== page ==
Government survey shows support for fracking is down

Anti-fracking protesters celebrate outside Lancashire County Hall after Cuadrilla's fracking application is refused
Anti-fracking protesters celebrate outside Lancashire County Hall after Cuadrilla's fracking application is refused
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Support for fracking has fallen to a new low, according to an official Government survey.

Only a fifth of people (21 per cent) back extracting shale gas for use in the UK, the lowest level of support since the quarterly public attitudes survey by the Department of Energy and Climate Change first quizzed people on the issue in December 2013.

Overall 28 per cent of people opposed fracking, with 46 per cent expressing no opinion either way, the survey of 2,118 UK households found.

But the level of opposition was higher among people who said they knew about fracking, with 54 per cent of those who know a lot about the process opposing it, compared to 32 per cent backing it.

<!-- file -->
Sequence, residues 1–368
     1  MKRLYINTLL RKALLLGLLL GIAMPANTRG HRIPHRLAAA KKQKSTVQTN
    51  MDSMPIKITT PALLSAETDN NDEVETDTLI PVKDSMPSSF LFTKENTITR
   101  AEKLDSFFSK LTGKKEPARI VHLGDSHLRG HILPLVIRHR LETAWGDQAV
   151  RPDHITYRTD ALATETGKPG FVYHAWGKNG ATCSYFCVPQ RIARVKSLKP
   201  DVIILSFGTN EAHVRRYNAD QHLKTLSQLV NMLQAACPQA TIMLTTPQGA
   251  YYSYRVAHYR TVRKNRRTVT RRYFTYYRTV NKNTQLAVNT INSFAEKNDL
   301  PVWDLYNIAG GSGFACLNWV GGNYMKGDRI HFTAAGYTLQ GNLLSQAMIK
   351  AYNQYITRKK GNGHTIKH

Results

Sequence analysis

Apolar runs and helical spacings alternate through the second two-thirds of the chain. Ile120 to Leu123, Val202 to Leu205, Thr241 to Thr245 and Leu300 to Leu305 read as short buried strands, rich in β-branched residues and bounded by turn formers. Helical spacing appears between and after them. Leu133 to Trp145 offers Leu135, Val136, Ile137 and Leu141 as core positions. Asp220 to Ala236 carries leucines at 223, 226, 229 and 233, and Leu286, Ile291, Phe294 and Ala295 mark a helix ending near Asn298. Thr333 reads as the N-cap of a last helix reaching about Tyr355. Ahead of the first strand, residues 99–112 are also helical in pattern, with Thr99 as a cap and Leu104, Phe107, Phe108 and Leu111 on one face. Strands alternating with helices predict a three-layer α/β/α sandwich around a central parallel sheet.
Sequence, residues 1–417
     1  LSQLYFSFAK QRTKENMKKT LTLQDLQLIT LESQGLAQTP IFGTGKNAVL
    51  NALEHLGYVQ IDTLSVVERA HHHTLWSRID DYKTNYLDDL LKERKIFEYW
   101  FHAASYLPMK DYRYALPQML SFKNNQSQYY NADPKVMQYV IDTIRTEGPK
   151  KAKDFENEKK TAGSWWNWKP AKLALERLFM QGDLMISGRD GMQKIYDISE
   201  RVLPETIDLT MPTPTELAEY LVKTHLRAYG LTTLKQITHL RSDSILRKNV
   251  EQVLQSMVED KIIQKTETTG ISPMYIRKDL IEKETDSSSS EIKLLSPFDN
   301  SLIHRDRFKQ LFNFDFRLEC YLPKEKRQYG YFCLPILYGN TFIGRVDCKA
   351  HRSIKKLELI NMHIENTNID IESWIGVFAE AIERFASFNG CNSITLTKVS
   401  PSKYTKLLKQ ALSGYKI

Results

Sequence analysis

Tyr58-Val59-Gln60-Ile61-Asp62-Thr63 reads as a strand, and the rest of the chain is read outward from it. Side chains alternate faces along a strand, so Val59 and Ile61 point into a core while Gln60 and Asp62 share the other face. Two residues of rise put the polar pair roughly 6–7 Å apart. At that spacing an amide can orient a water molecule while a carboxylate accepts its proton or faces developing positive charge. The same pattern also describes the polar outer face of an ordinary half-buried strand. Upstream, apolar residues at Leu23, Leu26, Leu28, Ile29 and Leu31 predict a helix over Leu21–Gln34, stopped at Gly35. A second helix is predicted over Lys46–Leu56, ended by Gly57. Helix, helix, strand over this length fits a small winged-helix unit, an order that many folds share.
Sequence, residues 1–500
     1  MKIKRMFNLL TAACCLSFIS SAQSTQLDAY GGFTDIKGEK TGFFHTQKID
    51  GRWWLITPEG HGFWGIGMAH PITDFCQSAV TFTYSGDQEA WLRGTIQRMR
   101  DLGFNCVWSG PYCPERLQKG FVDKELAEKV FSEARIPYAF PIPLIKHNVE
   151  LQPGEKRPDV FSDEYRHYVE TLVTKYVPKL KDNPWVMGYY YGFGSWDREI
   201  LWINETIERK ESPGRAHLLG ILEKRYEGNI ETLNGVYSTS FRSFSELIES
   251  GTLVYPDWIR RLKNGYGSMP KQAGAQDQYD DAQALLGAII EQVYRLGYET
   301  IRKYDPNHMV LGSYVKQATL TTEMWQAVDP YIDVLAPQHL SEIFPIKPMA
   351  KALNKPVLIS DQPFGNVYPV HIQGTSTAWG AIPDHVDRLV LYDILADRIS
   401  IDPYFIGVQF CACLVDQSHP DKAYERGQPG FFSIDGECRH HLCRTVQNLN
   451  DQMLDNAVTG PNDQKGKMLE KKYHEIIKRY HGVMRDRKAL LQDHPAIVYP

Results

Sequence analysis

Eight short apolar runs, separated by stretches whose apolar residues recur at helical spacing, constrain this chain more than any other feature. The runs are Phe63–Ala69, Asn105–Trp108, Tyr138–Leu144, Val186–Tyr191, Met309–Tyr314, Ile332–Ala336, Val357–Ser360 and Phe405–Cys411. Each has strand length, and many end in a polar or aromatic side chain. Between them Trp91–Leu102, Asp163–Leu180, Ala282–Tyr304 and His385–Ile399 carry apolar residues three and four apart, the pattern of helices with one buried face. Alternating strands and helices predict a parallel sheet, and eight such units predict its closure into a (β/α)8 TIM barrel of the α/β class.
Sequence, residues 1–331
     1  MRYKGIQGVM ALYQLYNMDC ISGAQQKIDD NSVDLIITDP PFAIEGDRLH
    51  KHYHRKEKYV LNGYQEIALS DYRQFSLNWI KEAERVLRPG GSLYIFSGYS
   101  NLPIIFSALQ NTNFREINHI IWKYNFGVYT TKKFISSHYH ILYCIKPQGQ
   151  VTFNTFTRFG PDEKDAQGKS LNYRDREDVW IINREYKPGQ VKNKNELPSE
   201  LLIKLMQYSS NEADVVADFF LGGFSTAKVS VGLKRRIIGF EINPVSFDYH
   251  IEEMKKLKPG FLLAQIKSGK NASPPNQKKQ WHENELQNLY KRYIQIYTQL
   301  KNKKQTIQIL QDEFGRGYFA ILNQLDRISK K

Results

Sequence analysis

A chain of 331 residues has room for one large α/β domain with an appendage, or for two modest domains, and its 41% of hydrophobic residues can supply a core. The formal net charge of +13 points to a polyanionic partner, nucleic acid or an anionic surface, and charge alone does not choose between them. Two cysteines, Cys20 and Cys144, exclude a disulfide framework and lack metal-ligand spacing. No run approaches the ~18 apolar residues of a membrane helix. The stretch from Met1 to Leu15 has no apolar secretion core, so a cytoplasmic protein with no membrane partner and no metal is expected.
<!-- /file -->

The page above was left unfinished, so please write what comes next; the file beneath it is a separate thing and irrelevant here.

The only group who were more supportive were those who said they knew nothing about it, according to the poll which was conducted in late June, as the debate raged over two proposed fracking sites in Lancashire.

Friends of the Earth senior energy campaigner Donna Hume said: “It’s little surprise that the more people find out about the risks of fracking, the more they oppose it.

“Instead of blindly championing dirty fracking, the Government should throw its weight behind the UK’s huge clean energy potential, which is far more popular with the public - and give David Cameron a much-needed credibility boost ahead of this year’s climate talks in Paris.”